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The August 2016 edition of Partyline, the Alliance's flagship magazine, is now available online and posted copies will soon arrive in subscribers’ letterboxes.
The Editorial and a further article by Alliance staff set out the current challenges for rural health and the priorities that the newly elected Coalition Government should follow to support rural and remote healthcare.
Evelyn Edwards discusses how Queensland’s North and West Remote Health has been able to survive and thrive as a not-for-profit provider in an environment of constant change, competition, reduced funding and high staff turnover.
The rate of alcohol misuse by adolescents is much higher in rural than in urban areas. Researchers from The University of Queensland have found that adolescents in rural areas were more than twice as likely to obtain alcohol from their parents and that, rather than minimising harm, this practice may be causing harm by normalising underage drinking.
WA’s Earbus Foundation is doing great work to improve the ear health of Aboriginal children in the Pilbara. Debra Royle joined one of their outreach trips.
The Chronic Conditions Manual has been developed in response to demand from clinicians working in an environment of high rates of chronic conditions, complex co-morbidities and with a population developing chronic conditions at younger ages.
Several articles cover smartphone apps and online and telephone programs that are making a difference for people living in rural and remote Australia.
- The BeyondNow smartphone app, developed by beyondblue, helps people at risk of suicide to create a safety plan they can keep on their phone.
- Macquarie University’s Mindspot online programs are aimed at patients with mild to moderate mental health conditions.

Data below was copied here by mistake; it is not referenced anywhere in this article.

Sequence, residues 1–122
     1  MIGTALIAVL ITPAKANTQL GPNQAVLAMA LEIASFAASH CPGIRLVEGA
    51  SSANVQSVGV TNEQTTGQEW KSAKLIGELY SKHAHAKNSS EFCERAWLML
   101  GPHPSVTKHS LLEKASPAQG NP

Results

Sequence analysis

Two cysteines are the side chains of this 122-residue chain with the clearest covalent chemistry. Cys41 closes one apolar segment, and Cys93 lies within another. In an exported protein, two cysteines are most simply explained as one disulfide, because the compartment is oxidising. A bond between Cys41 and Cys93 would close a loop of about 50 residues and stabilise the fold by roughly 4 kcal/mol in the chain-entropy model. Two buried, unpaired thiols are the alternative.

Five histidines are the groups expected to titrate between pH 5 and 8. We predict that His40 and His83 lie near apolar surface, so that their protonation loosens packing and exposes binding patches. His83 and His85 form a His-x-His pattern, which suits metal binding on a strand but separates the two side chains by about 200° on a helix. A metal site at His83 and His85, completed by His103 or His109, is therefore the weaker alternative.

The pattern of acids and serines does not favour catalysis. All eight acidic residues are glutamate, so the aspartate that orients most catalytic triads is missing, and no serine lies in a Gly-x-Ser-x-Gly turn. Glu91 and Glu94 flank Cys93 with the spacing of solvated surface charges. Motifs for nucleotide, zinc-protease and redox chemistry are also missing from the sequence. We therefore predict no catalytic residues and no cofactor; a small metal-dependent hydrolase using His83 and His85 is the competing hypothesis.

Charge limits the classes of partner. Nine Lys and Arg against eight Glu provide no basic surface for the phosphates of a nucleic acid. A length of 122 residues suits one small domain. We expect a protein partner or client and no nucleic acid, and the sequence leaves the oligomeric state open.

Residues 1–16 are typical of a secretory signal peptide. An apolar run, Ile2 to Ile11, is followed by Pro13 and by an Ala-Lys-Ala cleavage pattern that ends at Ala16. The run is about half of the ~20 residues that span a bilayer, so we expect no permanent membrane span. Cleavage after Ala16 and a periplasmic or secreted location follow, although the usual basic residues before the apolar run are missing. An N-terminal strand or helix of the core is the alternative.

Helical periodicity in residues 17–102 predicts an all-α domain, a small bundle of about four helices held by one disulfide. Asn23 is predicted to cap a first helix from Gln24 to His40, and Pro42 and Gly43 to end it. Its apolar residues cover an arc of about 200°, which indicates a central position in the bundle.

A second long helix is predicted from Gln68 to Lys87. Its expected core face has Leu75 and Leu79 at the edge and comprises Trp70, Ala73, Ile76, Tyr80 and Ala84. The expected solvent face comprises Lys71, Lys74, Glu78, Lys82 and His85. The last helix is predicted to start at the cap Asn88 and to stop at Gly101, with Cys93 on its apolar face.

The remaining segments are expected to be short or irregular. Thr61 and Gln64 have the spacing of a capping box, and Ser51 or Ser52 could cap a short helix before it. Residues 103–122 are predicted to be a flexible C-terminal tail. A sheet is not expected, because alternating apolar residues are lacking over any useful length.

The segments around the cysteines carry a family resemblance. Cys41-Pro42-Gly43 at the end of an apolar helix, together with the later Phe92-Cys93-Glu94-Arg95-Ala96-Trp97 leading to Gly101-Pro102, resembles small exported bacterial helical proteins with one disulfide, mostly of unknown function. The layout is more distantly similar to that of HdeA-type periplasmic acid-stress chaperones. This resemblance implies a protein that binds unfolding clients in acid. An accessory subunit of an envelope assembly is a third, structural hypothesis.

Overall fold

- Royal Far West, Bupa and the local community have joined forces in a trial of using telecare to deliver health services to children in need in the NSW Nambucca Valley.
- The palliAGEDnurse app enables nurses caring for older people approaching the end of their lives to access current clinical advice at the point of care.
- QLife, a free, anonymous national telephone and web-based counselling service, is able to give peer support to LGBTI people from rural areas.
- The online Yarning Epilepsy course is providing linguistically and culturally tailored epilepsy education to Aboriginal and Torres Strait Islander healthcare, disability and community workers and their communities.
Mental Health Professional Networks are fostering collaboration among mental health professionals and healthcare providers to the benefit of services and their clients in rural communities.
In other articles, we hear from: medical student, Eugene D’Souza, about his placement in Katherine, NT – his first taste of remote Australia; GP registrar, Teena Downton, reflecting on the meaning of ‘rural’; Lindy Swain, from the Rural Special Interest Group of the Pharmaceutical Society of Australia, arguing for the need for new models for funding of clinical pharmacist services in rural and remote areas; and the Autism CRC which has found, in a national survey of diagnostic assessments of autism, vast discrepancies in practices including that families living outside metropolitan areas are waiting longer for assessments, thus delaying access to early intervention for children diagnosed with autism.
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